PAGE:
On the other hand, we need to remember that IT isn’t simple. There are no shortcuts. And we don’t want to overinflate an individual’s sense of mastery. So it’s important to balance necessary education and skills development with convenience and terrific content. That’s why we offer adaptive learning and hands-on virtual labs.
How did you take content to the next level?
CHRIS SAYS: Here are 3 points to consider:
1) Above all, recognize that content is not an all-or-nothing game.
I often hear people say, “We’ve got this enormous library of ILT content. How do we get all of this online fast?” But maybe you don’t need all that. Maybe you can do it with a smaller footprint or in ways that are more efficient. It’s an unbundled world now. Maybe you can deconstruct long-form content into forms that are easier to deliver and digest.
You’ll have better results if you start with a clear idea of the skills you want to teach and the behaviors you want to change. Be clear about the outcomes you want to achieve. Then focus on content that will help you accomplish that outcome.
2) Think about how to make your content more engaging and credible.
Every salesperson wants to get better at what they do because it will have a direct impact on their earnings and on business revenue. So they’re internally motivated to take training seriously. They want to learn so they can be more successful.
But if training content doesn’t feel credible, it’s unlikely that you’ll get buy-in or convince learners to apply those skills. And nothing makes training more unappealing than feeling like it’s out-of-date or cheesy. Frankly, things like clip art animations just don’t feel credible in a business context.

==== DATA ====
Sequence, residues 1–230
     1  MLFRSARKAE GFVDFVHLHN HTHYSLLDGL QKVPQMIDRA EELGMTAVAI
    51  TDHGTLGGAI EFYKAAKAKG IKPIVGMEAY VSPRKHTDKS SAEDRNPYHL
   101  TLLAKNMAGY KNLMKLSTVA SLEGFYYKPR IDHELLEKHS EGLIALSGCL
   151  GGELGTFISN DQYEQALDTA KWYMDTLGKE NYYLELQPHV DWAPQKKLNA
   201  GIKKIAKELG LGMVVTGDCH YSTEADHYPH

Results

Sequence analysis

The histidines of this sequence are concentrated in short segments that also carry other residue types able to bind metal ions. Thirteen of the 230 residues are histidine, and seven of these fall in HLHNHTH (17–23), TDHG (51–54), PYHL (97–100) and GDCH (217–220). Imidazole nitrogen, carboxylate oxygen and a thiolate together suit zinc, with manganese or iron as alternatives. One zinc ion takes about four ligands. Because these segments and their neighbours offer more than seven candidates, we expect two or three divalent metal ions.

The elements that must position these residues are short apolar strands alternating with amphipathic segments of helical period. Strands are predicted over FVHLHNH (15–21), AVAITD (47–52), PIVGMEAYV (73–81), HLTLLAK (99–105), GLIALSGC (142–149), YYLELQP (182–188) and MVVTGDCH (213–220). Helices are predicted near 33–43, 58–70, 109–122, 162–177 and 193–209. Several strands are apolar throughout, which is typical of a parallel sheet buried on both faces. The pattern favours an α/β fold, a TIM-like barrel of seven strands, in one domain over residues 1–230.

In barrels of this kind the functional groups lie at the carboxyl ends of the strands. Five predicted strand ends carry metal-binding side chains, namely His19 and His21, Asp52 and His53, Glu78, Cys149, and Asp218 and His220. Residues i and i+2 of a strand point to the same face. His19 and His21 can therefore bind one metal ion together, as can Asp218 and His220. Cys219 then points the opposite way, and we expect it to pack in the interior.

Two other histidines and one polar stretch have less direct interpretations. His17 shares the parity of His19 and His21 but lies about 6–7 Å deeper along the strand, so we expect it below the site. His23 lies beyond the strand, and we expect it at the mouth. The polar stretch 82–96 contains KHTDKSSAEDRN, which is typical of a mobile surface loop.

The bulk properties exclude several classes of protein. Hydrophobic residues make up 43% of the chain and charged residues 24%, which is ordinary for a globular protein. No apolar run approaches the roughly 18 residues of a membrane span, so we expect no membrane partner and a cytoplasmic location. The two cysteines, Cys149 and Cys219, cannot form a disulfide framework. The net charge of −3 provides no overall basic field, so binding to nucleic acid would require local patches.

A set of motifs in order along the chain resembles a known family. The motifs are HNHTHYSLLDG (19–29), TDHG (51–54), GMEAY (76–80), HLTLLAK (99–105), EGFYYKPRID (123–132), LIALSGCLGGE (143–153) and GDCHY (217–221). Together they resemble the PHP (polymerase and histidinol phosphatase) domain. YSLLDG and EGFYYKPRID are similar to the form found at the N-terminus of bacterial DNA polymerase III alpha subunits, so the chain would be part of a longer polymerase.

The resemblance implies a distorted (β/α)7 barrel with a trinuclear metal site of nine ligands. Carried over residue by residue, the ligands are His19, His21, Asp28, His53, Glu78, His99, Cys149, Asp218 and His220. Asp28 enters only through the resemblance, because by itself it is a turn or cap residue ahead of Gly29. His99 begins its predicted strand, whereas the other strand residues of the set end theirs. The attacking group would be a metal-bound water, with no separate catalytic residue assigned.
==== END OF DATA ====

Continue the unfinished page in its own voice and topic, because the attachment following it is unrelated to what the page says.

But video can bring instant credibility and engagement to online skill development. And neuroscience research says that watching someone engaging in a skill can help us practice and learn more efficiently.
So for us, video plays a powerful role in helping our remote learners connect the dots as they envision themselves applying various skills.
3) Think carefully about how to “chunk” content
Speaking of video content, engagement research indicates that video attention begins to taper-off after about 2.5 minutes. So a 2-5 minute span is kind of our sweet spot. That doesn’t mean that every lesson must be between 2-5 minutes long. But think of ways to re-engage learners every few minutes with another activity. Ask a question, share a pop-up fact, point to a game. Keep them moving forward with you.
How do you connect the dots between content and user experience?
RYAN SAYS: A modern user experience and adaptive capabilities are vital for us. Our learners bring diverse levels of IT experience to the process. So a one-size-fits-all learning experience won’t work.
For example, network engineers who need to qualify for a promotion or contract work may already know 80% of certification exam material. They shouldn’t have to study for 40 hours before taking the next step. Instead, they should be able to bypass topics they’ve mastered and fast-forward to subjects that require more study and proficiency.
Meanwhile, other learners have had very little IT experience. They may be career changers or veterans. Or maybe someone is just tinkering at home, setting up a Wi-Fi network, and wants to learn more. That person needs much more time to develop basic skills. In that scenario, adaptive learning is just as important. Everyone has a unique background.
What factors influenced your learning platform choice?
RYAN SAYS: The learning platform world is vast and you don’t want to over-buy or under-buy. It’s easy to make a mistake by going with a well-known name that just doesn’t fit you and your customers. You and most of your learners will probably only use 20% of the platform functionality. So keep it simple at first, especially if you’re looking for speed.